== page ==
Salmon, sardines, tuna, mackerel, and trout are rich sources of omega-3 polyunsaturated fatty acids that are believed to have cardioprotective properties[4] and anti-clotting effect;[5] they can increase the levels of good cholesterol[6] and reduce the risk of having a sudden heart attack in patients with a heart attack history.[7] Fatty fish is also a good source of selenium, an antioxidant with cardiovascular protection properties.[8]

What to do: It is recommended to have at least two servings (about 3.5 ounces each) of any oily fish per week. Whenever possible aim for fresh and wild rather than canned (it’s high in salt) or farmed (it has inferior fat composition) fish. Gentle methods of cooking like baking or poaching will help you preserve the healthy oils so you can get the most out of your meal. Serve your fish on a bed of leafy greens with some carrots or lentils to get a power meal.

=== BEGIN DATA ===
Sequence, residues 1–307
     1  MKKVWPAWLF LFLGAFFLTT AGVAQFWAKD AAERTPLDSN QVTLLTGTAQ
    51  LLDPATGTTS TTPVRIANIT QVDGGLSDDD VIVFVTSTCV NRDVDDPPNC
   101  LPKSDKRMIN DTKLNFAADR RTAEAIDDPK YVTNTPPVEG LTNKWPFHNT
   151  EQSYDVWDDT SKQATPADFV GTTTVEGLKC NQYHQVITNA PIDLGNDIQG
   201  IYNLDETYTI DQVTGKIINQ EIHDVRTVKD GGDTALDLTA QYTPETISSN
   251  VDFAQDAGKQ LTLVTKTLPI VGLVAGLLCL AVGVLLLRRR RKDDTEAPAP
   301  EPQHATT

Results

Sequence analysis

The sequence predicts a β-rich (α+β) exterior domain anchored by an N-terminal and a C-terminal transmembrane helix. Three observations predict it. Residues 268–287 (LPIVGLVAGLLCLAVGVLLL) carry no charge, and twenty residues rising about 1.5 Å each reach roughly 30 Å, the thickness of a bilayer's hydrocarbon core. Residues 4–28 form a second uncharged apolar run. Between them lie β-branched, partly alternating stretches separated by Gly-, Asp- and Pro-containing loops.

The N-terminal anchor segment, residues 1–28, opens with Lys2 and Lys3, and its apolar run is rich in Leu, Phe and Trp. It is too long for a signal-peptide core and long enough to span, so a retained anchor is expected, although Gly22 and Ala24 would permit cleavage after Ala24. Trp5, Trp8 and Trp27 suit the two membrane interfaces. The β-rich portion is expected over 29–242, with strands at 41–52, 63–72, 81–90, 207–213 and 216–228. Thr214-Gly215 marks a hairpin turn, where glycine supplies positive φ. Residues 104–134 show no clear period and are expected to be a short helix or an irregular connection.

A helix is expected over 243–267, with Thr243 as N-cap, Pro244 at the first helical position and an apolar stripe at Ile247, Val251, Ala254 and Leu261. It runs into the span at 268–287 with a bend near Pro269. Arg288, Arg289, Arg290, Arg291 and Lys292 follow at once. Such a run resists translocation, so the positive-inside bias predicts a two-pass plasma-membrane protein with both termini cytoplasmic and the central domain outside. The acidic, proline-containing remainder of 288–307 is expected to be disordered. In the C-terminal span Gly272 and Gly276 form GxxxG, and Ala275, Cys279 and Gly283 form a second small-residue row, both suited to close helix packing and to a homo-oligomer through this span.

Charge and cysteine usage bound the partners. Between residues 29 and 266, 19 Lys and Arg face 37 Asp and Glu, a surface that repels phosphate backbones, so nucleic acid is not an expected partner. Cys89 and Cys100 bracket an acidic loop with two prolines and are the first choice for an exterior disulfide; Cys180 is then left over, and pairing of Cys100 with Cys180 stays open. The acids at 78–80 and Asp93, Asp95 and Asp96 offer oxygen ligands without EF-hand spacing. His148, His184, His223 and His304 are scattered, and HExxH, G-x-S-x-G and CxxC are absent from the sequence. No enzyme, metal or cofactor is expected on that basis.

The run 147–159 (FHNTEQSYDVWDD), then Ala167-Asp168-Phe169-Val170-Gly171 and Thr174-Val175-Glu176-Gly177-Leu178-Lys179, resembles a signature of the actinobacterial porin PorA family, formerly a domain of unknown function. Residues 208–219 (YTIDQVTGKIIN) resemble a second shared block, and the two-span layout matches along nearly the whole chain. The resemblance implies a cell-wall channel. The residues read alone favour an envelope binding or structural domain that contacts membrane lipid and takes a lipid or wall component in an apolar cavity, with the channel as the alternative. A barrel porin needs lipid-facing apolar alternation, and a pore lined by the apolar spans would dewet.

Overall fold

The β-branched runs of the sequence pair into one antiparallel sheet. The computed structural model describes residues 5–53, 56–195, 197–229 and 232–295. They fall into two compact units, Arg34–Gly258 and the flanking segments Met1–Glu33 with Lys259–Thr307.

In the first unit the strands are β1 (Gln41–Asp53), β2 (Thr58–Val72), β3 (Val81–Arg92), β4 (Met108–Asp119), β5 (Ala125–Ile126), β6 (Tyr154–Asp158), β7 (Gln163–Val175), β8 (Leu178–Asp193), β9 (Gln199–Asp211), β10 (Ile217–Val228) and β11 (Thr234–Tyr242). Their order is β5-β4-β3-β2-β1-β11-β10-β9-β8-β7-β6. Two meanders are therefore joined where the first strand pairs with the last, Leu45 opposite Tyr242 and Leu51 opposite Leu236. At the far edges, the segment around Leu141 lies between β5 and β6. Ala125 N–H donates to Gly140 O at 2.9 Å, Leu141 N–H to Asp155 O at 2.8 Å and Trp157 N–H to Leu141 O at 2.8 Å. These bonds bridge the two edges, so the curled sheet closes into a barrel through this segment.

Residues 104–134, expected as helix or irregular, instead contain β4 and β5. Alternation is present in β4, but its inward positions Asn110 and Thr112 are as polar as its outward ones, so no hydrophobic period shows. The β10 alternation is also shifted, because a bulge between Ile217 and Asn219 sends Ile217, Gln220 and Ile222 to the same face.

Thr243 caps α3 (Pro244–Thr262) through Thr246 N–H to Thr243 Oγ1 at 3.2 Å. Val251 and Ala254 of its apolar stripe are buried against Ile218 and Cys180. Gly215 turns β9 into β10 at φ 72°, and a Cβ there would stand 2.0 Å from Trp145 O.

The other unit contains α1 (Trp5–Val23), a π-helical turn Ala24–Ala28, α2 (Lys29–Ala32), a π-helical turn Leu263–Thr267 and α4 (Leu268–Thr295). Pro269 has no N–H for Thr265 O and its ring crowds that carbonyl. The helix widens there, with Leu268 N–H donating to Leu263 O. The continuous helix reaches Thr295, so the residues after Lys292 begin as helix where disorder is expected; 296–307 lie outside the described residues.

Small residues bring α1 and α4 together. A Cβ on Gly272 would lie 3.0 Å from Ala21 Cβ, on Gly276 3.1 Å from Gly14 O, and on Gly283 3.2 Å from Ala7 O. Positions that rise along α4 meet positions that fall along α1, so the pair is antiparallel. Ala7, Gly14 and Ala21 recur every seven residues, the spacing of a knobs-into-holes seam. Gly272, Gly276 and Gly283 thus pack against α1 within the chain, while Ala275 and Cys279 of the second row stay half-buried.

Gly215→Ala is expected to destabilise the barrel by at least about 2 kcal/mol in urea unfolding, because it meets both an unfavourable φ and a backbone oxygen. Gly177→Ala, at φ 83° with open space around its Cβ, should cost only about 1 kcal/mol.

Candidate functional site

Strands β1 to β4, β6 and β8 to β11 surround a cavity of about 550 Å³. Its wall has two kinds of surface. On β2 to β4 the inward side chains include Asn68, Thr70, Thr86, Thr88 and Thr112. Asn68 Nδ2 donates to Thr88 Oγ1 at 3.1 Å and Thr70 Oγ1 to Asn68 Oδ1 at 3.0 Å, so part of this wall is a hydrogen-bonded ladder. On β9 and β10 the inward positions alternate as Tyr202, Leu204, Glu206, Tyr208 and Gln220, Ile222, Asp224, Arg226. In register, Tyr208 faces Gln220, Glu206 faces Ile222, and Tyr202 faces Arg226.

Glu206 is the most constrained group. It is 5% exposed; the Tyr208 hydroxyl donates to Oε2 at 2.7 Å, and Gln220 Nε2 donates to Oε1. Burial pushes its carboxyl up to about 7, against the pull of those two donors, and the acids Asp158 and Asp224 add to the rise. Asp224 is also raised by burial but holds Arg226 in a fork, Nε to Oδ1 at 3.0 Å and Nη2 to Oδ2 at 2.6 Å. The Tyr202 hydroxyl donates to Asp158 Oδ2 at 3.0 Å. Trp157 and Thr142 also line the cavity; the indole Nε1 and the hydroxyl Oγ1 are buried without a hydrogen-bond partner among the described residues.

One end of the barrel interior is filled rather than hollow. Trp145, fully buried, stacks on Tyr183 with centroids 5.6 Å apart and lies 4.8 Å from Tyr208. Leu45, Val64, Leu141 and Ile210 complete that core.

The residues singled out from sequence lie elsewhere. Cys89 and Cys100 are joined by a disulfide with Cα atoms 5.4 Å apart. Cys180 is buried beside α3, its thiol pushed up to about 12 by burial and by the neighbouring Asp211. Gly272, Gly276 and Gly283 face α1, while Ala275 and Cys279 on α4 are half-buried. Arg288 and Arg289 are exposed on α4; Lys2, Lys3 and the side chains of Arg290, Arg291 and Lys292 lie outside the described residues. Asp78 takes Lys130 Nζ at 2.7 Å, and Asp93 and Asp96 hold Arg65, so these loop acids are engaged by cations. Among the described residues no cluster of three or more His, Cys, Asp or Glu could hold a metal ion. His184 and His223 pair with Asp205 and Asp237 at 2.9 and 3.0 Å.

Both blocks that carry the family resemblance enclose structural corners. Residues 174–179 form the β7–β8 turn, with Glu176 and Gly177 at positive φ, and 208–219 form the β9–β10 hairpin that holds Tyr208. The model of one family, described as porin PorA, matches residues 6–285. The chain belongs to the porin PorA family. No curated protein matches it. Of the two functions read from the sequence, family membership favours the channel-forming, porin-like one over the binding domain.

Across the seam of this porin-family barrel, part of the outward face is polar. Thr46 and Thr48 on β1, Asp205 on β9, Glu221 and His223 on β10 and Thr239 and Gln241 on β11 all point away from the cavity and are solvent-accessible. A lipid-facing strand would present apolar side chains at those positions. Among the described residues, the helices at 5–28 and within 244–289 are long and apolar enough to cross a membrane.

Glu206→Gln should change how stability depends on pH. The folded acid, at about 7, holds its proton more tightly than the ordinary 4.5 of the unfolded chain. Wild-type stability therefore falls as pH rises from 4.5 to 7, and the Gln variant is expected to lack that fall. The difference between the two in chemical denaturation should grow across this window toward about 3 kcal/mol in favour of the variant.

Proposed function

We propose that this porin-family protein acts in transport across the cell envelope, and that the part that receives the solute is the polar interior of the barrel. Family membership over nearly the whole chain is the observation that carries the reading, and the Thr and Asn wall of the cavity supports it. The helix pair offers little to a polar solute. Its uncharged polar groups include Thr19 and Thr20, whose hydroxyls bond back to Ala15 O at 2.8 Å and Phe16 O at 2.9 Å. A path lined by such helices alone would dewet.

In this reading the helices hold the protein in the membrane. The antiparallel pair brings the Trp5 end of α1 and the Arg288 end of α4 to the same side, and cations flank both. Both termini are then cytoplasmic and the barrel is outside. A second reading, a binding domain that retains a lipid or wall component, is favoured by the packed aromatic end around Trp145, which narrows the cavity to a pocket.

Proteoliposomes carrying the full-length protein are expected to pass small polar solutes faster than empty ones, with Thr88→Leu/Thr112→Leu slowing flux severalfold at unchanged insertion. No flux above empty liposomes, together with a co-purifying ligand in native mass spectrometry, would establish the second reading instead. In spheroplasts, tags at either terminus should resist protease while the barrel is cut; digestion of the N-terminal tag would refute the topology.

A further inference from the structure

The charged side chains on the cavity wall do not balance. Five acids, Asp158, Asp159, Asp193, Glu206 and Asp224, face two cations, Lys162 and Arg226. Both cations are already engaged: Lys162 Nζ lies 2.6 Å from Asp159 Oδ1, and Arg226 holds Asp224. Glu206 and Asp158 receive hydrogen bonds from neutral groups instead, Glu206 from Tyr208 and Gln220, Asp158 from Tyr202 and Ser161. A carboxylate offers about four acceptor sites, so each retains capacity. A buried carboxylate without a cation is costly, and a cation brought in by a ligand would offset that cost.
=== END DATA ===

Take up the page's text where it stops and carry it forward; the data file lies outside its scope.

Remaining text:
3. Oatmeal for health of the heart

A lot of studies have already proven that oats is a wonderful meal for cholesterol reduction.[9] The thing is that beta-glucan contained in oats is a soluble form of fiber that dissolves in the digestive tract and forms a kind of a thick gel, which binds to excess cholesterol within the gut and thus prevents it from being absorbed. Instead, it excretes cholesterol as a part of the body’s waste. Whole-grain oats can also improve blood pressure control and reduce cardiovascular diseases risk.[10]

What to do: Oatmeal is a great breakfast; top it with some fresh berries for more health benefits. Use whole-grain oat cereals that require boiling and not brewing since they have higher content of soluble beta-glucan and thus are more effective for the improvement of cholesterol metabolism.[11] Avoid flavored oats because they are often full of processed sugar. You can make oat bread or fat-free oatmeal cookies as well.